article in the Times magazine a few weeks back on how much the notion of "living in public" affects our lives even when we're off line. The author was recounting how she found herself ruining a sweet moment with her daughter reading books out on the lawn by thinking how she would phrase the tweet... or if she even should tweet about it.
I've noticed myself doing this in a number of situations ever since and I suspect many of you have as well.
It's the downside to living a web-enabled social life and I do wonder how the experience eventually affects everything we do if, after a while, no one sounds truly authentic, but rather like a self-conscious public version of authentic.
Particularly because so many people don't do self-conscious very well. At least not yet. All too often there's some cringe-inducing verbiage signaling the speaker wants to remind us that they're a truly deep thinker. The underwhelmed endorsement of something the endorser suspects they should be heartily endorsing. Or the blatant attempt at currying favor with someone whom the supplicant thinks will make them seem hipper or at the very least smarter.
And these are people, not brands.
What do brands get to sound like, especially because they do need to be eternally self-conscious?
For many brands, spontaneity is not an issue. They are in more or less perma-response mode, answering questions/dealing with problem from their audience and providing a "helpful" response. We have zero expectation of spontaneity or authenticity from brands online, though there are admittedly times when we'd like to see someone do a Steven Slater and tell a difficult customer where to go.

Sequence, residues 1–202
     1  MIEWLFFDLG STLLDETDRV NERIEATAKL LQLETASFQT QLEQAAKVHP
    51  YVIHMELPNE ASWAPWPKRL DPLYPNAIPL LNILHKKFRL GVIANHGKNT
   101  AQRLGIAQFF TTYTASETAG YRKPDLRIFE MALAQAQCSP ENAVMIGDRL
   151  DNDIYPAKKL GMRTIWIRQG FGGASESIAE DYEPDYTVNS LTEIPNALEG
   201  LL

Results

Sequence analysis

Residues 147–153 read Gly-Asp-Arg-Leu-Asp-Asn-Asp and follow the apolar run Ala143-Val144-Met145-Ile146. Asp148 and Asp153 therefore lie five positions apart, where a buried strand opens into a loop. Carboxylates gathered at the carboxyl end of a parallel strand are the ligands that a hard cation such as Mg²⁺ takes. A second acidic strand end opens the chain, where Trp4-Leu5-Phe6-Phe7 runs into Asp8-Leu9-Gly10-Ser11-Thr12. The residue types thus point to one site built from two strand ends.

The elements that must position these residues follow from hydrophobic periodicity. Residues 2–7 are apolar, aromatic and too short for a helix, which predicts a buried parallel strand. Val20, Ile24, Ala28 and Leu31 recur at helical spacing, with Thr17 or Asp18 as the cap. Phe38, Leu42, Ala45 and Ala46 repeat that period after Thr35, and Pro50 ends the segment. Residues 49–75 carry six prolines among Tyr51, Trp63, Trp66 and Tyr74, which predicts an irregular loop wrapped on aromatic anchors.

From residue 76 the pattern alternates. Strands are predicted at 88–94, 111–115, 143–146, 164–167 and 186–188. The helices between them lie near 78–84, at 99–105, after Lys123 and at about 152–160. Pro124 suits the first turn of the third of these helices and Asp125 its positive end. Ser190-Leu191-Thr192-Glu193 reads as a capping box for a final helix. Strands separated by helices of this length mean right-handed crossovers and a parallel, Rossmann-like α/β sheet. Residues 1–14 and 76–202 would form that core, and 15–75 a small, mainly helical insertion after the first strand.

But since that's not happening, all we're left with is the nearly identical voice of brands all trying to be cheerful and helpful and likable leavened by the occasional rogue CEO (think Gary Vaynerchuk or Mark Cuban) who've made themselves the brand.
I'd argue that's still a big improvement: I'll take the uniformly perky voice brands adopt online today over the deafening silence of the last hundred years.
As for people... it may all go back to the "village" theory, which basically says that for thousands of years we all lived in little villages where everyone knew everyone else's business 24/7/365 and that it was only the brief period following the Industrial Revolution where that rhythm got disrupted and that our current American lives, filled with anonymity and reinvention are not that healthy and actually somewhat deviant.
And so it may just take us some time before we get used to living in "village" mode again and not caring that everyone is going to know what we're up to before we regain our ability to live unselfconsciously, albeit publicly.